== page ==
Football: Fifa to amend amendment

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The Independent Online
(First Edition)

SEPP BLATTER, the secretary-general of Fifa, said in Barcelona yesterday that officials of the game's governing body were hurriedly meeting to clarify the new back-pass rule before it comes into force on Friday, when Italy meet the United States in the first game of the Olympic tournament.

The amendment to Law XII states that goalkeepers will be punished with an indirect free-kick for handling a back-pass kicked to them. The outfield player can use any other part of his body, which has led to German professionals bending down and kneeing the ball back; this ruins the rule's aim of cutting down on time-wasting tactics. Blatter planned immediate action. 'We will discuss the wording to make it clear and take away any loopholes that may be against the spirit of football,' he said.

Blatter's superior, Joao Havelange, is to intervene in the Diego Maradona-Napoli dispute. Fifa's president said he was trying to organise a meeting in Barcelona tomorrow between the Argentinian, who says he will not honour the final year of his Napoli contract, and officials from the Italian club.

The bargaining between London Weekend Television and the capital's Football League clubs over live coverage next season continued yesterday with Lee Walker, the League's controller of broadcasting, making the clubs an improved offer. An LWT spokesman said the offer was worth 'substantially more than pounds 10,000' per game.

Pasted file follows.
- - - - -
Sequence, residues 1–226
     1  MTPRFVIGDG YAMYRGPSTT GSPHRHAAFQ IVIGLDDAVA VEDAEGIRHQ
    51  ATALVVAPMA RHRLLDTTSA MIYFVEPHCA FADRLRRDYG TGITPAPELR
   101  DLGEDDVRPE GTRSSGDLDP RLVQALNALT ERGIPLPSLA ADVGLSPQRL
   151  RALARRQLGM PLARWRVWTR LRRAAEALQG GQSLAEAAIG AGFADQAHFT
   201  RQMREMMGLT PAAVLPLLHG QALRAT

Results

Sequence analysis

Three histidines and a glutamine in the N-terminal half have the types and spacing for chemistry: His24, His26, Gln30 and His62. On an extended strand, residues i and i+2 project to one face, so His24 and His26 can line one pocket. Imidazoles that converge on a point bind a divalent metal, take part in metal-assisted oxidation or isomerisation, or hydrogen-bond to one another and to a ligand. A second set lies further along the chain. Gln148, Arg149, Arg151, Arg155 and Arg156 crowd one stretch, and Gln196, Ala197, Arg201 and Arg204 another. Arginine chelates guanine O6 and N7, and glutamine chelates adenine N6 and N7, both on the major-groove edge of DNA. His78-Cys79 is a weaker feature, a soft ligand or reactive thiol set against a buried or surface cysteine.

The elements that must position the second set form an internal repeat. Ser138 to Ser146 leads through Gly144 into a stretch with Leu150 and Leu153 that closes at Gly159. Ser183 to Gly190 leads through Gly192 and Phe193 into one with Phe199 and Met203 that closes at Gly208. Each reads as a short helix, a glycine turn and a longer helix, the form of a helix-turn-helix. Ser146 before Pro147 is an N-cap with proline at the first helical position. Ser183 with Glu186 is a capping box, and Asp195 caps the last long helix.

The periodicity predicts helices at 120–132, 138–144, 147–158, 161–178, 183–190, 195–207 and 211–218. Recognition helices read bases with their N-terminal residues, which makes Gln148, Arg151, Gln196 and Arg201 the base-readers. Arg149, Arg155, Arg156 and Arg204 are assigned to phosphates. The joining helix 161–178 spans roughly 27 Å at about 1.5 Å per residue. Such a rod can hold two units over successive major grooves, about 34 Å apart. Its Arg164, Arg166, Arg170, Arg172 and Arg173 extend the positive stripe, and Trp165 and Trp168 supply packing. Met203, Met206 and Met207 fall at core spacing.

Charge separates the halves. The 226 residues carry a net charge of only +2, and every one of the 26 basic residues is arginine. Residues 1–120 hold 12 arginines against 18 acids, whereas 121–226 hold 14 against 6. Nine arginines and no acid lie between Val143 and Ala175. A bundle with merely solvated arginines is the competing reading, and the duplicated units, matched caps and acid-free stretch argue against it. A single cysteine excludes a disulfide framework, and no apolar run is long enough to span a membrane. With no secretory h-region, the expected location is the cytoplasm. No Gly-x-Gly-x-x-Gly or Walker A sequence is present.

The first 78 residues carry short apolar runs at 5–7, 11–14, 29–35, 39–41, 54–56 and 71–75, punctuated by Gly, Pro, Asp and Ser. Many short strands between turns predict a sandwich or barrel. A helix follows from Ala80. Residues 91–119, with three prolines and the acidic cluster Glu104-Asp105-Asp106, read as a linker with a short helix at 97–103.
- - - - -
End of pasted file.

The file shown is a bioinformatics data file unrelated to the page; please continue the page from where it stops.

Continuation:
Cambridge United's players, disillusioned by the long-ball game, are continuing to vote with their feet. Steve Claridge has gone to Luton Town, Colin Bailie has threatened to quit, and three more Cambridge men with the blues intimated yesterday they could be about to follow them.

Richard Wilkins, Cambridge's 27-year-old midfielder, has pulled out of United's tour to Sweden, saying that he does want a change of scenery, but with another club, not in another country. Two of Wilkins's colleagues, Andy Fensome and Michael Cheetham, have rejected new contracts.

Ron Atkinson, the Aston Villa manager, has talked to Graeme Souness, his Liverpool counterpart, about signing Ray Houghton, the Republic of Ireland international. Villa's offer for the 30-year-old midfielder falls short of Souness's valuation and discussions will be reopened after Liverpool return from their summer tour. Villa are not short of money the club yesterday reported a record pounds 3.5m profit.

Neil Ruddock became a Tottenham player again yesterday, completing his move from Southampton after a League tribunal ruled that Spurs should pay pounds 750,000. Uefa, the European game's governing body, has halved the pounds 4,350 fine imposed on Spurs after supporters burnt a flag following a European tie in Rotterdam in March.

Dave Bennett, who helped Coventry overcome Spurs in the 1987 FA Cup final, may have reached the end of his career after breaking his leg playing for Swindon in a friendly against Yeovil on Monday.

David Lowe, the ex-England Under-21 striker, has left Ipswich Town for Leicester City in a pounds 250,000 deal while a former Foxes forward, Jimmy Quinn, went from Bournemouth to Reading for pounds 55,000.

Money matters, page 31

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